Course Content

# Probability Theory Basics

Probability Theory Basics

## Independence and Incompatibility of Random Events

In probability theory, independence and incompatibility are concepts related to the relationship between random events.

1. Independence: Two events are considered independent if the occurrence or non-occurrence of one event does not affect the probability of the occurrence or non-occurrence of the other event. In other words, knowing whether one event happens provides no information about the likelihood of the other event happening.
Events A and B are independent if P(A intersection B) = P(A)*P(B).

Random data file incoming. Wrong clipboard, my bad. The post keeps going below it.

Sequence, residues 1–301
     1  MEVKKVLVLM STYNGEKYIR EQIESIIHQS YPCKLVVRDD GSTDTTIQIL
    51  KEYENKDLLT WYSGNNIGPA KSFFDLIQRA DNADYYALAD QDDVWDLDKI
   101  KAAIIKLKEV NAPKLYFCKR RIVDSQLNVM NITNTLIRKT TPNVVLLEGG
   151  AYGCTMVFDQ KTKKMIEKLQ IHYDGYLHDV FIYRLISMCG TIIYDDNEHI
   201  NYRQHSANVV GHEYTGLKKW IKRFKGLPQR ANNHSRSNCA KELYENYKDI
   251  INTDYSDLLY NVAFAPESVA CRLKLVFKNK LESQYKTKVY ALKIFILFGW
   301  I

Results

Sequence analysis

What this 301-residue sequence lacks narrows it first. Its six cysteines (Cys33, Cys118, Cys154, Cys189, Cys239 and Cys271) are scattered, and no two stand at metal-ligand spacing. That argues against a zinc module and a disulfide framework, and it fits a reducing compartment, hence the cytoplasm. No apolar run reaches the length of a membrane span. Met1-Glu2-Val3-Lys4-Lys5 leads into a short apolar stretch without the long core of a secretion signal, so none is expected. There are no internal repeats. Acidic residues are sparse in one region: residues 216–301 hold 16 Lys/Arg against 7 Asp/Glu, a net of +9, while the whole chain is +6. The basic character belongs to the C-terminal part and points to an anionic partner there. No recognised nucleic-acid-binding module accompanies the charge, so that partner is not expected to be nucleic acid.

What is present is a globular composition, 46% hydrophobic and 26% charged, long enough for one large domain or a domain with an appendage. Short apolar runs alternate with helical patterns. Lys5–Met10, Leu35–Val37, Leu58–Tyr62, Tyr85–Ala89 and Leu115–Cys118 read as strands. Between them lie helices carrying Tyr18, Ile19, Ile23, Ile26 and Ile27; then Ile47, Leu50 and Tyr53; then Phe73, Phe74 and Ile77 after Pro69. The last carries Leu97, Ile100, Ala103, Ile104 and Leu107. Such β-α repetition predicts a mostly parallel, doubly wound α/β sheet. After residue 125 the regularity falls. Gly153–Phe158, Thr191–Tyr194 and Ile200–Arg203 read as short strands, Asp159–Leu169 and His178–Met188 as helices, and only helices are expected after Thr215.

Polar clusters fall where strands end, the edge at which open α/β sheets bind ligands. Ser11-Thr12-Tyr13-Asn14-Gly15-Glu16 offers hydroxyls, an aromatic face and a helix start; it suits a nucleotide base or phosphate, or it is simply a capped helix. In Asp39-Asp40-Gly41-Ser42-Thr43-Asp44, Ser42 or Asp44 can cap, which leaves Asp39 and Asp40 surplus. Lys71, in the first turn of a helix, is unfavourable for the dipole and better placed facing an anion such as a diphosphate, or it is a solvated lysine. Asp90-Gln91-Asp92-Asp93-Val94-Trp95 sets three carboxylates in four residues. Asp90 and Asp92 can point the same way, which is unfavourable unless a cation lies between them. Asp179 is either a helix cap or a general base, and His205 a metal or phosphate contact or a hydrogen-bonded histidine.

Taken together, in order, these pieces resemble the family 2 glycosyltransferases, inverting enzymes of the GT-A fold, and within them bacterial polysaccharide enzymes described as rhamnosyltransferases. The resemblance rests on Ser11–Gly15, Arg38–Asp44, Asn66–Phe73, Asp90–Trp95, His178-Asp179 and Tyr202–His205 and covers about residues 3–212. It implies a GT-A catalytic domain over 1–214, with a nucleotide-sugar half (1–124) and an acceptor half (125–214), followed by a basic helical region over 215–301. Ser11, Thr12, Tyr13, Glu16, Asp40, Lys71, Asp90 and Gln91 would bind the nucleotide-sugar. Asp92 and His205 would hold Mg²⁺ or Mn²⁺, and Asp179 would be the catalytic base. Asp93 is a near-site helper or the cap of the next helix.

2. Incompatibility: Two events are incompatible if they cannot occur simultaneously. If the occurrence of one event excludes the possibility of the other event happening, they are considered incompatible. For example, flipping a coin and getting heads and tails simultaneously is incompatible since the coin can only show one side at a time.
Events A and B are incompatible if P(A intersection B) = 0.

Examples of independent and incompatible events:

 Independant events Incompatible events Results of flipping a fair coin and rolling a fair die Rolling a die and getting an odd number and an even number on the same roll Results of flipping two different coins Selecting a card from a deck and getting a red card and a black card at the same time